“That’s when everybody started screaming and panicking,” Fleser said.

Receiving little guidance from the crew, the family made their way one deck up, to the level of the life jackets and lifeboats.

The boat started listing, leaning quickly onto its side. They knew it was serious and that they should not go to their cabins. After Fleser’s life jacket was ripped from her and in half, her husband handed his to her. He doesn’t know where he found one for himself.

Through the chaos, they tried to stay calm.

“My daughter is a perfect example of that,” Aho said. “Here she is, with her own life threatened, and she’s helping the little kids with their life jackets.”

Enough order was imposed by someone with a voice loud enough to get children on the lifeboats, then the others pressed in.

Inept crew members barely figured out how to launch the boats, the family recalled. By that time, the cruise ship had listed so severely that the boat swung out, swinging back to hit the ship. Still, the ship loomed above, threatening to come down on top of them.

“We really couldn’t get a deep breath until we were disconnected and away,” Aho said.

On land, the generosity of the Italian people showed itself, the family recalled, even if the cruise line and even the U.S. Embassy seemed to be indifferent to their plight. Rescuers offered them blankets, which became one of the few belongings they carried home. A local family took them in for the night.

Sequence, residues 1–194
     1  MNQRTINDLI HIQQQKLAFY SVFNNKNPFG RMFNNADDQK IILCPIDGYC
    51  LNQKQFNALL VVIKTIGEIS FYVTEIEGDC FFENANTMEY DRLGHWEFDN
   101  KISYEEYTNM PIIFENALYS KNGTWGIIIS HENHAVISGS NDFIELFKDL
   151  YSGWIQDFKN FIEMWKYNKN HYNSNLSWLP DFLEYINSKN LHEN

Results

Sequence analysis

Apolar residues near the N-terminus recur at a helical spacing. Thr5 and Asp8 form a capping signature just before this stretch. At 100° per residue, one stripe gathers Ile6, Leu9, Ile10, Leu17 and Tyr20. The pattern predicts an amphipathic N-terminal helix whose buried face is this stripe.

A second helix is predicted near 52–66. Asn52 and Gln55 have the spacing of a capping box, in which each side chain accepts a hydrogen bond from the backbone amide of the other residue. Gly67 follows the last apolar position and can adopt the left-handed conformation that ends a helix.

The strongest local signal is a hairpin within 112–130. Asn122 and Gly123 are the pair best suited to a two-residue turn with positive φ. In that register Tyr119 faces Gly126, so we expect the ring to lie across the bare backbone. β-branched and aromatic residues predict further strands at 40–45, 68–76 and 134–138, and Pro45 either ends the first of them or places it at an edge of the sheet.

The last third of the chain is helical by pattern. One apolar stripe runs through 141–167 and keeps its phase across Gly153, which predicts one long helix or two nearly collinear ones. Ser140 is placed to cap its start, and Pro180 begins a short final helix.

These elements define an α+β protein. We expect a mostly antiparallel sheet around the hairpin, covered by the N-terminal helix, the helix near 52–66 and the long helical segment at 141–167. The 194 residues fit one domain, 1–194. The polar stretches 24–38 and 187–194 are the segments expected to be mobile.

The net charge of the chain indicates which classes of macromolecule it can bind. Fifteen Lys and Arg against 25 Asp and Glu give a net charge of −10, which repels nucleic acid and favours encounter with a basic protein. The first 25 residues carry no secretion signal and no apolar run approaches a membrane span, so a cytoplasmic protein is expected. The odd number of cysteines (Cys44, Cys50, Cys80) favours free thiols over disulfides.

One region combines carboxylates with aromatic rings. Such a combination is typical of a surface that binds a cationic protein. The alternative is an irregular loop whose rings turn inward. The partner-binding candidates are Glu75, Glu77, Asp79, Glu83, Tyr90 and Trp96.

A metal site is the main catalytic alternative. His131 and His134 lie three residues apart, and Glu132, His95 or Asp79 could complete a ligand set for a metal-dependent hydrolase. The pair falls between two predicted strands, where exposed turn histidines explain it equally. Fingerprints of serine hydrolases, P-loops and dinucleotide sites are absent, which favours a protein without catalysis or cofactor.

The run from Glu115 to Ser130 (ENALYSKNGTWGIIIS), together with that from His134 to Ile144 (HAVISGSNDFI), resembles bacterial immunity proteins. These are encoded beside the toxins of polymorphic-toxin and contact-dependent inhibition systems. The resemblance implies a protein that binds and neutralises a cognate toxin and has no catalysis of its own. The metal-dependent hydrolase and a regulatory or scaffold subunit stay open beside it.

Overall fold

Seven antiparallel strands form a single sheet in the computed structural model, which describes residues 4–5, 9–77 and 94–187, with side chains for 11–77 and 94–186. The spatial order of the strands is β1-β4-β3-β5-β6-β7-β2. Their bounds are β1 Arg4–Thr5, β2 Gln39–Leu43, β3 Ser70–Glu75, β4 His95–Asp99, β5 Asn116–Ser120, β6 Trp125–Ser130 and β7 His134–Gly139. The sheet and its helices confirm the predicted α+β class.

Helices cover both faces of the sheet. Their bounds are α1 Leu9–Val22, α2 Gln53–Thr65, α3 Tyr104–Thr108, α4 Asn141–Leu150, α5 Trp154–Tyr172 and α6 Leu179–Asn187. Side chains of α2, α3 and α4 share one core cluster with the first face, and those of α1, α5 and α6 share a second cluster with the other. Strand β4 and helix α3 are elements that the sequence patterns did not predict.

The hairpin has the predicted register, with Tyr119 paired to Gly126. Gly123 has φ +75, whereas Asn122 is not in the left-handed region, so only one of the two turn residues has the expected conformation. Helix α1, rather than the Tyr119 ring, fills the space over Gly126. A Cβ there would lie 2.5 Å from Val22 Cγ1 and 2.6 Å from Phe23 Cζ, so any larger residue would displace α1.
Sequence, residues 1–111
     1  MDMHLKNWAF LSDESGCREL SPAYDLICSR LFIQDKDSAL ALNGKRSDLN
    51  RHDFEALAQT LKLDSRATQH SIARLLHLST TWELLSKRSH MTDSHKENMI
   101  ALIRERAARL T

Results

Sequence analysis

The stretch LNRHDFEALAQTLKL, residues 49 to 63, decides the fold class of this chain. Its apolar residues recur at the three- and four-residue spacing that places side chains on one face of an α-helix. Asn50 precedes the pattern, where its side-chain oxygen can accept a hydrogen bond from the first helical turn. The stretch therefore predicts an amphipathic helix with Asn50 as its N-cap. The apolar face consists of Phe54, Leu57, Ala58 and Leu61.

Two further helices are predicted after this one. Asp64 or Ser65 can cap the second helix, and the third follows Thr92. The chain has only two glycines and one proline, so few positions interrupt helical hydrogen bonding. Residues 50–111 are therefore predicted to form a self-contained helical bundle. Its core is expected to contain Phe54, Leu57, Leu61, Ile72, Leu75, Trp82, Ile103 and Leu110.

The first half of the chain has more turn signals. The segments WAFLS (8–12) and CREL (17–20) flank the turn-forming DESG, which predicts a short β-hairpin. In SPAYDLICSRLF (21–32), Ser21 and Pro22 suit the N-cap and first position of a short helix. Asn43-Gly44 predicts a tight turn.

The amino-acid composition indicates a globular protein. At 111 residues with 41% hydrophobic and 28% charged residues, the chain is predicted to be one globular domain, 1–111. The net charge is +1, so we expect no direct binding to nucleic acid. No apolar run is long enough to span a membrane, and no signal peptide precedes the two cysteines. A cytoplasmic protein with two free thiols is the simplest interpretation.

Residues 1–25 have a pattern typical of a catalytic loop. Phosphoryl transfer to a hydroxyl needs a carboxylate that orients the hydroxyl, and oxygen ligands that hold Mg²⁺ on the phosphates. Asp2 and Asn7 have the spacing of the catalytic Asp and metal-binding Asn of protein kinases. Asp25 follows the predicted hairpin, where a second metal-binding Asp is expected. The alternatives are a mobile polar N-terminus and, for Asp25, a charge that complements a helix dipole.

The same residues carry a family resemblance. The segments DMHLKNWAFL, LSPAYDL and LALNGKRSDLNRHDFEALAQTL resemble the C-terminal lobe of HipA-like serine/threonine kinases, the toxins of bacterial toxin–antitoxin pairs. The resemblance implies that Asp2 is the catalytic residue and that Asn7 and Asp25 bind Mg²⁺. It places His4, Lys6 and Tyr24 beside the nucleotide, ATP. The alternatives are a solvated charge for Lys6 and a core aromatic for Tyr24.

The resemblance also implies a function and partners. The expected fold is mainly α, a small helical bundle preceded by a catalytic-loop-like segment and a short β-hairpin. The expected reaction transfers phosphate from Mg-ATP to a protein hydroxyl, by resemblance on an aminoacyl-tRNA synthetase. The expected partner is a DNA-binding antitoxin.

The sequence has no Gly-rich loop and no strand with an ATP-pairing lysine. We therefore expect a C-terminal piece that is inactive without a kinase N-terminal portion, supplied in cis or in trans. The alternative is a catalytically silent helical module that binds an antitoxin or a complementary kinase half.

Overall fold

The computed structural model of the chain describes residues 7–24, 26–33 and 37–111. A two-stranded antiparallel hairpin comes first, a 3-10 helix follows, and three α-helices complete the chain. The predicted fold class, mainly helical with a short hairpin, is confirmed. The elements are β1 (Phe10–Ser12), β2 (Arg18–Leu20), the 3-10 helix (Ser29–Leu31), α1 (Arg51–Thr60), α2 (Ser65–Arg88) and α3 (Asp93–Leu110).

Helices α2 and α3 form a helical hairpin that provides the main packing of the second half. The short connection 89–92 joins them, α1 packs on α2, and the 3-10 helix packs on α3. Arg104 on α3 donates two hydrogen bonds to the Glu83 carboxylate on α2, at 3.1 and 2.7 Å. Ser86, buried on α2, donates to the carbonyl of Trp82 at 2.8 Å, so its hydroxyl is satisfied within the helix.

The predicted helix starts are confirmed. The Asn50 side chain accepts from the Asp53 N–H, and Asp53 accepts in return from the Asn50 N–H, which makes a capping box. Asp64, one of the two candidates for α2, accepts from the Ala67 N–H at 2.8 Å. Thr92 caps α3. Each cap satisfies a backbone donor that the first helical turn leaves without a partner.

The cruise line did get them back to Rome, to a hotel near the airport. But they got few answers from company officials, just an empty series of smiles.

From the U.S. Embassy in downtown Rome came the prospect of new travel documents, but they also got an official who offered nothing but a suggestion to take a cab, despite their making it clear they had no money. This was happening as ambassadors from other nations were at the hotel, mingling with survivors and offering assistance.

Even when the hotel arranged a shuttle, they had to ask to come in from the chilly Italian weather before the normal 10 a.m. opening — their coats were gone.

A U.S. State Department official told The Daily Gazette on Tuesday that the embassy had been told that the cruise line would get passengers to the embassy. The official had no explanation for why that wasn’t relayed to the family.

Despite their harrowing exit, the family said they also realize they were fortunate just to be in that position. Their hearts go out to those who never made it off the ship.

The cruise line finally came through with plane tickets, taking them from Rome back to Albany, through Atlanta. They found the connection through Atlanta to be unusual, but at least they were going home. It wasn’t until they got off the plane, after Alana Aho snapped that photograph of the ‘Welcome back’ sign, that they saw the flight list.

The cruise line had booked them for Albany, Ga., not Albany, N.Y.

Though it wasn’t the airline’s fault, Delta agents rebooked the family on the next flight home, once they explained their story. Delta even offered meal vouchers and to put them up in a hotel.

The hotel wasn’t needed. Just after midnight Tuesday morning, on a day they might have seen the Spanish island of Majorca, they were content to instead see the wintry Capital Region.

“I’ve never been so happy to see snow,” Fleser said.